Honolulu mayor Kirk Caldwell and top transportation officials gathered at Honolulu Hale Monday to unveil the first 25 of 99 new Handi-Vans. The new vans, procured through a 2013 contract, will replace existing vehicles in the city’s fleet of 157.
That is welcome news to Rose Pou, who is visually impaired and started using the service 14 years ago. When asked how long she would wait if a Handi-Van was late in picking her up, Pou said “oh, maybe an hour, two hours. (I know) some people have waited three hours.”
Oahu Transit Services president Roger Morton said that out of the 14,000 eligible to use the Handi-Van, “we have about 6,000 people that actually use the van once a month. On a daily basis, we have about 4,000 trips that we schedule, and about 3,500 trips that we actually provide.”
Hundreds of trips a day are either canceled, or end up being a no-show, Morton said. “For people at the last minute that cancel a ride, that takes rides away from people in town, and so we’ve implemented a policy to try to control that,” he said.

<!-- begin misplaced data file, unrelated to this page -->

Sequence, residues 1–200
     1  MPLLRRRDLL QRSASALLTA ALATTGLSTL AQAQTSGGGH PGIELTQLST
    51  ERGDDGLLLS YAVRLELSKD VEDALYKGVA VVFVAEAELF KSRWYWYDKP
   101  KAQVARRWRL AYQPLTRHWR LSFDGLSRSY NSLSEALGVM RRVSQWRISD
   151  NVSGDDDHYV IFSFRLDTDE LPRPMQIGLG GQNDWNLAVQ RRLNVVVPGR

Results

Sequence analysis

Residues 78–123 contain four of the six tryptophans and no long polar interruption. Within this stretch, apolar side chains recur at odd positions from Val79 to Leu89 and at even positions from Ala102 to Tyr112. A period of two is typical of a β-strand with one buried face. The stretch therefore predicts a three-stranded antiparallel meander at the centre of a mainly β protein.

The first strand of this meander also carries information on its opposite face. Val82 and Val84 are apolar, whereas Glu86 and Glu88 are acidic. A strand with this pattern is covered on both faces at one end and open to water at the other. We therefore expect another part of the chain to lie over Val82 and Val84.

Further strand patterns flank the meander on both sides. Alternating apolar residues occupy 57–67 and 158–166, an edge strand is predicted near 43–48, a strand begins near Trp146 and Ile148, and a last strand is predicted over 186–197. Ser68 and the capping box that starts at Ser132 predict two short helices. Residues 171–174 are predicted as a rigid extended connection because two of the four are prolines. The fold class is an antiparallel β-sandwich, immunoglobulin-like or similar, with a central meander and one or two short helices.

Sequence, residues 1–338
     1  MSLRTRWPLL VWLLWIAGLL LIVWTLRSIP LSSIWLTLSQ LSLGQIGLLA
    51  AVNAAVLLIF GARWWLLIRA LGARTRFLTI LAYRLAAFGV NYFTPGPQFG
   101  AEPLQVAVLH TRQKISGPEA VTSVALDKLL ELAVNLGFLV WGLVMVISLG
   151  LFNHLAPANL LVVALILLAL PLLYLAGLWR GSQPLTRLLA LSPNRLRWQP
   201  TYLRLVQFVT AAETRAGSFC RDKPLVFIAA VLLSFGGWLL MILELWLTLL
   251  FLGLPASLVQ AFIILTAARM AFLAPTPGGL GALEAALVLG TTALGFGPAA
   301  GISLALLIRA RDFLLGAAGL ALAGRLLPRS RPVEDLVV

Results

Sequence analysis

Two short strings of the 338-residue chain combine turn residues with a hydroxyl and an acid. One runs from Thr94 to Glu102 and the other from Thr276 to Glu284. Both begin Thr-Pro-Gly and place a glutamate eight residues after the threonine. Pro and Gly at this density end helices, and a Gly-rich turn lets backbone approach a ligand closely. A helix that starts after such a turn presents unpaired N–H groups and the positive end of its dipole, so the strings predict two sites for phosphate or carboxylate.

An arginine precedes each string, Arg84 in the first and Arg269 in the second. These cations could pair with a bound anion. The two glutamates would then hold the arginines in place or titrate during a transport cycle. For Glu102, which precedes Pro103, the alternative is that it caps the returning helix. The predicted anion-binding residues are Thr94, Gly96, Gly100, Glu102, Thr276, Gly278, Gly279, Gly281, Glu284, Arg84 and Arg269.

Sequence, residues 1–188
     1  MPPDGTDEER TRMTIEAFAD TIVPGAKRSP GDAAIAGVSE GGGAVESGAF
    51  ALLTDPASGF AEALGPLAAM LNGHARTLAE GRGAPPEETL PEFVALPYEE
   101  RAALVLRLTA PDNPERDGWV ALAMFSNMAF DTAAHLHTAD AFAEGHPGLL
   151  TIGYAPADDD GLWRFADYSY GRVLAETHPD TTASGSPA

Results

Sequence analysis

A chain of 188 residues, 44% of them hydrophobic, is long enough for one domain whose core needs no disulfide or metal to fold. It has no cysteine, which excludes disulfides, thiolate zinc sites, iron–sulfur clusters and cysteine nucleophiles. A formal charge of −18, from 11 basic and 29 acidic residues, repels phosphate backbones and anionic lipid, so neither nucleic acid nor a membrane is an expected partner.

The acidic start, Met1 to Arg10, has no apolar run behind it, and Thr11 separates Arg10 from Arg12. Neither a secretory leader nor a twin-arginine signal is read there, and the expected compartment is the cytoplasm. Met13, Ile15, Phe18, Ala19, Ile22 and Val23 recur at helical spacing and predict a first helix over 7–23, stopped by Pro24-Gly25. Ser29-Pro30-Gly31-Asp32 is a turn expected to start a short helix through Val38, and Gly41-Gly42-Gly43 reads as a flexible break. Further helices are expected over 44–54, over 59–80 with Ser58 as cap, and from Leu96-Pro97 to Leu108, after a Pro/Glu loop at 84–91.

Honolulu Mayor Kirk Caldwell says he understands the frustrations of riders like Pou. “We have been trying now for three years to purchase new vans, (but) we are a very litigious community, and a lawsuit was filed to stop the move forward on a purchase by those who did not get the winning bid,” he said.
According to the mayor, the fleet of new Handi-Vans will run much quieter and will be installed with interior and exterior video cameras for safety purposes.
City officials hope to have all 99 new vans up and running by the end of the year.
TheHandi-Van averages about 2,900 trips each weekday, helping Oahu’s people with disabilities get to work, school, places of worship, medical appointments, shops, and other places around our island. In 2013, there were a total of 841,000 trips taken via the TheHandi-Van for an annual mileage of 6.4 million miles.
Oahu Transit Services last received a new Handi-Van in 2011. The average lifespan of a van is seven years, and a recent Federal Transit Administration study indicated that similar types of vehicles are typically retired after about six years.
The average cost for the new vans is approximately $108,000 per vehicle.
The old vans being replaced and removed from the fleet will either be sent to auction or donated, pursuant to city policies.